Blog / The Mysterious World of Developers: Version Control

Have you ever heard developers using terms like “Git,” “SVN,” “revision control,” “version control,” or “repo,” and wondered what they were talking about?

If you’re hearing these words, it's usually a good thing. The processes they’re talking about in those mysterious terms save time and money by allowing developers to work together efficiently, make deployments safer and faster, and safeguard your project against loss.

Want to know the how and why? Read on!

Revision control and version control, in this context, are terms describing a method of software code management. Git and SVN are two popular programs used for revision control. A “repo” is a code repository, where different versions of the source code for a project can be stored.

Without version control, projects involving more than one person could waste much time integrating each team member’s work into the code base. But even a one-person project can benefit from version control.

How does version control provide all these benefits?

Version control provides a structured way of combining code created by different people into the same project. A version-control program will flag when two people have changed the same piece of code, so they know someone needs to look at the code to merge the two changes. Without the flag, one piece of code would overwrite the other, potentially creating a problem (bug), or preventing the code from running. Dealing with these kinds of conflicts can cause delays and extra work.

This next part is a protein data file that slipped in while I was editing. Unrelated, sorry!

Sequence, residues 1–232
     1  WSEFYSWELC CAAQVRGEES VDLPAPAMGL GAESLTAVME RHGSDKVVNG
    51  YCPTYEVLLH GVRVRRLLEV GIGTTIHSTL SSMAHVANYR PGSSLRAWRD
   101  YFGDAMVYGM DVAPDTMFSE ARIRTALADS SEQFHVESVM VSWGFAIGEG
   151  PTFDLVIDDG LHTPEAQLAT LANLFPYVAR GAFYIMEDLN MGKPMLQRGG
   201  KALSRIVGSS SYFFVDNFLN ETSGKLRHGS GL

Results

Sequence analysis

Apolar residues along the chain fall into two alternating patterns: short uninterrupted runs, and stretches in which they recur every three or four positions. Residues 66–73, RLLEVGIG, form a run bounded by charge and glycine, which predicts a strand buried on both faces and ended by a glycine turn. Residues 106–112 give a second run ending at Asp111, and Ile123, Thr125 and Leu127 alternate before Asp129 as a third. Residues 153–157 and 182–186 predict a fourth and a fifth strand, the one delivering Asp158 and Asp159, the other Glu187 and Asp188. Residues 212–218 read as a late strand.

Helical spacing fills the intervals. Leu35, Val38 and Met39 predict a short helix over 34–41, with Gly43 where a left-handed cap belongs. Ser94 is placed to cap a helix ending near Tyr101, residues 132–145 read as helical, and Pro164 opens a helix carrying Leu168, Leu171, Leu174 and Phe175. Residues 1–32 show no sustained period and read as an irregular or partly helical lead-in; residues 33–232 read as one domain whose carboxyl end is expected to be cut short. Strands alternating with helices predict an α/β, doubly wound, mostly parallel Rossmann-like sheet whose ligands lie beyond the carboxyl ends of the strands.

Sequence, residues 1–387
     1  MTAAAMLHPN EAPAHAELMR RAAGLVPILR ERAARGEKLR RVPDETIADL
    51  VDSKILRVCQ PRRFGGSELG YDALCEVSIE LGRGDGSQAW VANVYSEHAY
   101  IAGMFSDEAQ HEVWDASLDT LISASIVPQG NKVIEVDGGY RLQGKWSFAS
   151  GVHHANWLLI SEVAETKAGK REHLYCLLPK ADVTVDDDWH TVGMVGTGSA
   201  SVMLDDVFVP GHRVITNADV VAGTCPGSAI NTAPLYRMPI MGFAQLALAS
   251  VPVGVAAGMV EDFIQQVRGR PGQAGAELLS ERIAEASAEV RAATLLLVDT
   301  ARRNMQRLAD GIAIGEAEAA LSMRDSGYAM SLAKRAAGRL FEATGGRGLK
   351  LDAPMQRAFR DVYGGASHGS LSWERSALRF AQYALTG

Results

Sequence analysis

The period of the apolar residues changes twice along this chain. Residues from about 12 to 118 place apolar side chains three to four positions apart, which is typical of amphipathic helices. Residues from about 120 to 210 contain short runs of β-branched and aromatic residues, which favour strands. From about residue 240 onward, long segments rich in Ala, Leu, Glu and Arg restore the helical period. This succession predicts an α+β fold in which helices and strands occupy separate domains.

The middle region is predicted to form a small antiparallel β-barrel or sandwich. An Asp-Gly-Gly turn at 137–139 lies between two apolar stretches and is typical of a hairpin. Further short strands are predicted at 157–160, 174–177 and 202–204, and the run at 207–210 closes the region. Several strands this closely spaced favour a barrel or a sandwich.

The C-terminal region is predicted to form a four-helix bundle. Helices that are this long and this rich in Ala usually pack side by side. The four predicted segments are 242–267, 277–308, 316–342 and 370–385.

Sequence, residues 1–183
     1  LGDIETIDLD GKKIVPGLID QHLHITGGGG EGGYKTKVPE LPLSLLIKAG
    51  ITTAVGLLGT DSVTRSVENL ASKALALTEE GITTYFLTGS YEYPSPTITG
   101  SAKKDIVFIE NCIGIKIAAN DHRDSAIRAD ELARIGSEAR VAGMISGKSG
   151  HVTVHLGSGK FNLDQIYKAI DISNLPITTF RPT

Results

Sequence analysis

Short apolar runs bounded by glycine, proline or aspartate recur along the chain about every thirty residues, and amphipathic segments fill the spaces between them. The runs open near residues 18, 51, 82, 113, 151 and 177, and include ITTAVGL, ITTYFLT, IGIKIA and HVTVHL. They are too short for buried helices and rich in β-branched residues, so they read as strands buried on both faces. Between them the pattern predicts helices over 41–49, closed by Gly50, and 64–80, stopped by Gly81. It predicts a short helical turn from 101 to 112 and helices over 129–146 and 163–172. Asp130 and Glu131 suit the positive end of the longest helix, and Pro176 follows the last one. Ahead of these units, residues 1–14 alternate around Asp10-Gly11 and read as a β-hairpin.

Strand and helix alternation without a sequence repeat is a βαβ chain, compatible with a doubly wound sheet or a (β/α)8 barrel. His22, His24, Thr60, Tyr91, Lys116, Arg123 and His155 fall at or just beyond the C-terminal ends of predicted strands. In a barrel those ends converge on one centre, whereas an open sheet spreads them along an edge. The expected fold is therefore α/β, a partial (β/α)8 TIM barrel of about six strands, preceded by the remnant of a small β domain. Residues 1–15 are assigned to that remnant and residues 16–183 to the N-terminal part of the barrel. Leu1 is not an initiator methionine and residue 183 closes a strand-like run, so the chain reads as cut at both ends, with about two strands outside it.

Version-control software provides a work history. If a code change introduces a problem, it’s simple to review the log to see what changes were made. It also provides an easy way to roll back the code to an earlier state when things were working properly.

Finally, version control provides a platform for automatic or semi-automatic program deployment. This is not only faster than doing deployments manually, it is much less error-prone.

Are there downsides to using version control?

No, but there are caveats. Some projects don’t lend themselves to the common tools used for version control because of the way the software is organized. You have to use the right tool for the job.

There are many different approaches to managing code within a version-control system. If multiple agencies are collaborating on a project, it’s important to take the time to settle on a joint methodology.

For further reading on version control, the Wikipedia version control entry has lots of good background.

Version control is an important tool for delivering quality work on time and on budget, and an indicator of good development practice. You don't need to know the details, but you do want to know that the developers on your project are using it!

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